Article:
What is this condition? I would summarize it as people extending computational systems by offering their bodies, their senses, and their cognition. And specifically, bodies and minds that can be easily plugged in and later easily be discarded. So bodies and minds algorithmically managed and under the permanent pressure of constant availability, efficiency, and perpetual self-optimization.
Deepfakes, even as a concept, continue to grow and develop. So we’re not seeing that just what we know now as deepfakes is where it stops. This is going to continue to develop as time goes by.
The culture gap at the center of the debate we’re having today is a culture gap between people who build hardware and people who build software. And those cultures have been diverging since the 1950s.
We’re at a thousand dollars per gigabyte, which is what current disk drives cost. The twenty terabytes that people estimate in ASCII that’s in the Library of Congress is just twenty million dollars. So that’s not very much money in terms of being able to store and retrieve [crosstalk] the Library of Congress.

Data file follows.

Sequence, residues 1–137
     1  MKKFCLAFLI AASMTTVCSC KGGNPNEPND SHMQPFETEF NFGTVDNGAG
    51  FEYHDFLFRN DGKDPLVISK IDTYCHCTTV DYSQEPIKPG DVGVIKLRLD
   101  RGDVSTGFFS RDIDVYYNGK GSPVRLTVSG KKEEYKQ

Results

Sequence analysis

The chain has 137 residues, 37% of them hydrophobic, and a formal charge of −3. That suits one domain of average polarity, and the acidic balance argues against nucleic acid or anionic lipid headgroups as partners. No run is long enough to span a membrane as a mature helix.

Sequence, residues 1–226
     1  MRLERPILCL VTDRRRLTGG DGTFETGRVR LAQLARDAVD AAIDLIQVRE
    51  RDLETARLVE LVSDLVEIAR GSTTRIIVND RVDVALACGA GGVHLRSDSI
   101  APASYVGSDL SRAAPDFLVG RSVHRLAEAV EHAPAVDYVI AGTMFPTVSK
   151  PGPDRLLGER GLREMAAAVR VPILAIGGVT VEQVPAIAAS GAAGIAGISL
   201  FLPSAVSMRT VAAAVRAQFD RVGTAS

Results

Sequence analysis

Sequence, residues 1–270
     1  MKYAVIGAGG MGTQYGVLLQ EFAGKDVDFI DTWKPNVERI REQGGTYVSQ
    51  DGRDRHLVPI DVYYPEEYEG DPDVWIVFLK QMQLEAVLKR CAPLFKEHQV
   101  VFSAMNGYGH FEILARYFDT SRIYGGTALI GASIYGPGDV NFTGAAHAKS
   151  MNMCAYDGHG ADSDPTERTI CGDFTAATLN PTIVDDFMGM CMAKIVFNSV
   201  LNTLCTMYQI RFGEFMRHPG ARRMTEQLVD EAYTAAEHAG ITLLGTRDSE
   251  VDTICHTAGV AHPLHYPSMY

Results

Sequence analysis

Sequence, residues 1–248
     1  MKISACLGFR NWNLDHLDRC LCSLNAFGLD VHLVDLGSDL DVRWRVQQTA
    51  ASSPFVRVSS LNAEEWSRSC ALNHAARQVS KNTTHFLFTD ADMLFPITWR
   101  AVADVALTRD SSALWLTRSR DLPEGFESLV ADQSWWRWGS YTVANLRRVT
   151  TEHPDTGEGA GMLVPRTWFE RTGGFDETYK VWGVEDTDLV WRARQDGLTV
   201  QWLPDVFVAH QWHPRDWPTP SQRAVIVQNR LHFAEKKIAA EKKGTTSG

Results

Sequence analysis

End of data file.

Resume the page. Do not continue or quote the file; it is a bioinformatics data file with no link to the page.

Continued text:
There are all of these wonderful laws that people have discovered and refined and proposed and proved over the years. And some of these laws can apply to the software projects and the teams and the communities that we work in every day.
There’s already a kind of cognitive investment that we make, you know. At a certain point, you have years of your personal history living in somebody’s cloud. And that goes beyond merely being a memory bank, it’s also a cognitive bank in some way.
The largest part of the ENIAC team by far were the people that were actually building the thing. And it’s interesting they’ve been forgotten by history, because although their job titles were wiremen, technicians, and assemblers, being a business historian I looked up the accounting records, and sometimes they spell out the payroll. You suddenly see all these women’s names like Ruth, Jane, Alice, Dorothy, Caroline, Eleanor showing up.